As you can see, Meazza, even by today's standards, could easily be described as one of, if not the best in the game. That being said, Meazza wasn't a model athlete by any means. He had a weakness for several vices which saw him drinking and frequenting brothels the night before matches. He was also the only Inter player at that time that was permitted to smoke.
This love for alcohol and women often got the talented striker into trouble with the club's directors, as Meazza himself revealed once in an interview: "Luckily I lived near the stadium, and I managed to get there in a rush. My teammates and the coach looked at me disapprovingly. It was only five minutes before the kick-off, so I quickly changed and joined the team on the pitch. I could hear the Inter directors saying: 'We'll deal with him after the match. We'll find out what he's been up to.' Luckily I scored a hat-trick so afterwards no one said a word!"
His huge talent meant that he could get away with almost anything, and he often took advantage of this. Even a night of heavy drinking and sex before the 1937 match against Juventus didn't stop the rebellious striker from scoring a brace, and taking the award for the best player on the pitch. The story goes that the Inter directors had to send two staff members to look for him when he didn't show up shortly before kick-off, and they found him snoring in bed and had to drag him half-asleep to the stadium, all the while telling about how the night before had made him feel like a lion.
Of course, behaviour like that wouldn't be tolerated these days, no matter how good you were on the pitch, but all those years ago it was part of the charm of the man. The late great Peppino Prisco considered him to be the best of all time: "Meazza was great, unbeatable, even if he would occasionally run into a frightful crisis, caused by his intense sexual activity and his passion for the game. When he took over on the field, he did things that left the mouth ajar."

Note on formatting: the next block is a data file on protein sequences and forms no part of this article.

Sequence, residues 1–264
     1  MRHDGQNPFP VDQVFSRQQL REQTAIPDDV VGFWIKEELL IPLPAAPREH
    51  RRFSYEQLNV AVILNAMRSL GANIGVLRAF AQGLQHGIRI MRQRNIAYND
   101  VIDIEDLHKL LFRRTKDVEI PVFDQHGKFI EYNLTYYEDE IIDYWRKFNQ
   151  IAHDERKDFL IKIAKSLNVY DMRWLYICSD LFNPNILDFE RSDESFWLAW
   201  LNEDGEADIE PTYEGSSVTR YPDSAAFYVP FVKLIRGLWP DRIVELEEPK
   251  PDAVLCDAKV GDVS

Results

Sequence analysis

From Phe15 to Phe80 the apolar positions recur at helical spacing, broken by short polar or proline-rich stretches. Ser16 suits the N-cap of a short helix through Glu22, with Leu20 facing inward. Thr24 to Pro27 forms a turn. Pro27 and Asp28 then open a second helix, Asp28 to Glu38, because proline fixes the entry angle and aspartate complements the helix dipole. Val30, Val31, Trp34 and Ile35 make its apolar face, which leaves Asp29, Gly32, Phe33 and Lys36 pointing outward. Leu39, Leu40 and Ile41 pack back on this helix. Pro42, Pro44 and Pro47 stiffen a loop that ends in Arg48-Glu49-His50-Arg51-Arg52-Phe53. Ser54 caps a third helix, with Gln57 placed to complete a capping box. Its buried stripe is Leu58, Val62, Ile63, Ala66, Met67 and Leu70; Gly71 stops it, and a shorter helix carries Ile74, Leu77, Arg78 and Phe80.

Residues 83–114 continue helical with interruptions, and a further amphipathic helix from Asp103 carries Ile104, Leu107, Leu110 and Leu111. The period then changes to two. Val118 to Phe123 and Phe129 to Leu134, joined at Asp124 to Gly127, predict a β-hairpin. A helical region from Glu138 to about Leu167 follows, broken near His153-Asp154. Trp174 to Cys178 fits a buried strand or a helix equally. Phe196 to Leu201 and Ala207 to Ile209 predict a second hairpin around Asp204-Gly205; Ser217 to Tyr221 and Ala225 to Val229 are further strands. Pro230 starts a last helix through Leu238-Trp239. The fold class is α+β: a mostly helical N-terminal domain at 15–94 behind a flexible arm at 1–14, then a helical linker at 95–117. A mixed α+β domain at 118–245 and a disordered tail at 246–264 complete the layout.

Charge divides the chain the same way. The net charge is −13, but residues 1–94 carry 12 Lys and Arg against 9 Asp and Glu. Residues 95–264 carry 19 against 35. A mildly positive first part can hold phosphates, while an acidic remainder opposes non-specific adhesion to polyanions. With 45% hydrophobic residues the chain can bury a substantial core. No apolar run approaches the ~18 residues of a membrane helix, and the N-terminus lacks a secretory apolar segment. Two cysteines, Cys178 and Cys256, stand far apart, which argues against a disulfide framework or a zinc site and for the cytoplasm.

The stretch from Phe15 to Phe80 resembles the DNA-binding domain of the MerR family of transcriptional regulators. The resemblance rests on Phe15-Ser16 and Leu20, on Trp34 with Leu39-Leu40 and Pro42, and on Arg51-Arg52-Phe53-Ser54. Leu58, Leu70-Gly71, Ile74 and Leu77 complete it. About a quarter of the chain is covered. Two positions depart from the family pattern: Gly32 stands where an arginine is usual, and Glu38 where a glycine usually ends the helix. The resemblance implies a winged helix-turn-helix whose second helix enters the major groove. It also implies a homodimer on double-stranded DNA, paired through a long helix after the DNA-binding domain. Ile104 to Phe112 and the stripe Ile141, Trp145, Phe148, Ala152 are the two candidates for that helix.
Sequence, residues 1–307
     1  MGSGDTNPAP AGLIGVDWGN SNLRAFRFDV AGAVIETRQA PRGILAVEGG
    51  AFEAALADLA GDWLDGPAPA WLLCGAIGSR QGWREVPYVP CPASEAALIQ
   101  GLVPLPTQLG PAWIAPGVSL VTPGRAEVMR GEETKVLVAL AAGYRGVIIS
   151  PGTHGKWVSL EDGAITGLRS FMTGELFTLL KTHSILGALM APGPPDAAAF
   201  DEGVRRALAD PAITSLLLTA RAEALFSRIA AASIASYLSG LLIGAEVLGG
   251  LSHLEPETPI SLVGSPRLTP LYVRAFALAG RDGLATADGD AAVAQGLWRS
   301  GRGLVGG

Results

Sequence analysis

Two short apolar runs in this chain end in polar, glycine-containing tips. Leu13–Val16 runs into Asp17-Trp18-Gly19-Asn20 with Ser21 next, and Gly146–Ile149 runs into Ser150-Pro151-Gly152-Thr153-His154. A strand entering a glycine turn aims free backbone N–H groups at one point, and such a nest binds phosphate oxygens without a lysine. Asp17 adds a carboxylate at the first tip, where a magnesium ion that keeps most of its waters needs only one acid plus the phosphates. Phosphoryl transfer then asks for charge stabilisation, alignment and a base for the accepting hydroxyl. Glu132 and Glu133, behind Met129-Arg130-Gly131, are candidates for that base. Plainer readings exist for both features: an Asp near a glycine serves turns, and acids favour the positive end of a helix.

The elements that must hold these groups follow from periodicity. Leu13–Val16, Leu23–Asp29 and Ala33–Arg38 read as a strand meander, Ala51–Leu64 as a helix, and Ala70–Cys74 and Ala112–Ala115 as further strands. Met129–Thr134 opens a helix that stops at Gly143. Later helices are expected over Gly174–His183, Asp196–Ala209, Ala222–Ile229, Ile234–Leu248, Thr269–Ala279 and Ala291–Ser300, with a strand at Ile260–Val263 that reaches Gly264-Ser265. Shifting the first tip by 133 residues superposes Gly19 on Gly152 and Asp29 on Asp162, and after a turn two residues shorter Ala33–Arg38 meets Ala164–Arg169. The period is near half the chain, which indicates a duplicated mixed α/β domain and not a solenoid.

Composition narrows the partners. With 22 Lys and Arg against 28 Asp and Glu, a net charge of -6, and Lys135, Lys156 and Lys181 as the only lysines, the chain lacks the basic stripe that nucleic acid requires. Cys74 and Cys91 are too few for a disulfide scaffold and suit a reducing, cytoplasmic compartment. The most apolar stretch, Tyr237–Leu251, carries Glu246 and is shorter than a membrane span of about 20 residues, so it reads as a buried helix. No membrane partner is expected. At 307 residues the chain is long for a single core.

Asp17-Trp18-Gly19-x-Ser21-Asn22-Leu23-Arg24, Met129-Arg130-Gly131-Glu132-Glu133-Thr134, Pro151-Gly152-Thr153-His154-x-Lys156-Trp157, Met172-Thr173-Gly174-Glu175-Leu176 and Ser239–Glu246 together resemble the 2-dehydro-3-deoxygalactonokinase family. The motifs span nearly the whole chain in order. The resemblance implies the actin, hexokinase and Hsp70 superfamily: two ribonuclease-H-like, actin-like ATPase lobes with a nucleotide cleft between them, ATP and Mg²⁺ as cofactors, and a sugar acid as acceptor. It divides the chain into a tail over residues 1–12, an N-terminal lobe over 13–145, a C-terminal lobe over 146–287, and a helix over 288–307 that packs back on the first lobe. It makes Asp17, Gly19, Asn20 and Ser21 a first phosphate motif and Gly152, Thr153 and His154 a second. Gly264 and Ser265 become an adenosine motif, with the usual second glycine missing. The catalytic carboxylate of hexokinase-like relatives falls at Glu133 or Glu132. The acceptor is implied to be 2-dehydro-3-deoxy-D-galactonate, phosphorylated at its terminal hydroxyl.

Meazza eventually did sign for his boyhood team, Milan, and following his two year stint on the red side of Milan, he even played for Inter's other fierce rival, Juventus, as well as Varese and Atalanta. At the end of his career, he returned for his swan song with Inter as a player/coach. It was however, his 13 years with FC Internazionale between 1927 and 1940 that saw his greatest success, winning three Scudetti, a Coppa Italia title, and during the same period he even won two World Cups with the Italian national team. These achievements made him the first ever worldwide football superstar, and he was also the first player to gain a personal sponsor. Anyone who knows anything about football should consider him one of the greatest strikers in the history of the game.
After being a player/coach for Inter, he then made history once again by becoming one of the first Italians to coach abroad with Besiktas, before returning to Italy to coach Pro Patria and the Italian national team. Meazza, like all the true club legends, could not keep away from the club where he made his name, returning to coach Inter in 1955/56 and 1957. This was to be his last coaching job, and he passed away many years later in 1979 at age 68.
As you can see, Meazza did many great things for Inter on the pitch, and had an effect as well off of it where he worked as a youth coach for the Nerazzurri. In fact, it was Meazza who convinced another Inter legend to sign for the club -- the young Sandro Mazzola.
Meazza, without knowing it at the time, would become the first legend of not just Inter, but also world football, with his legacy living on through the world's greatest players today.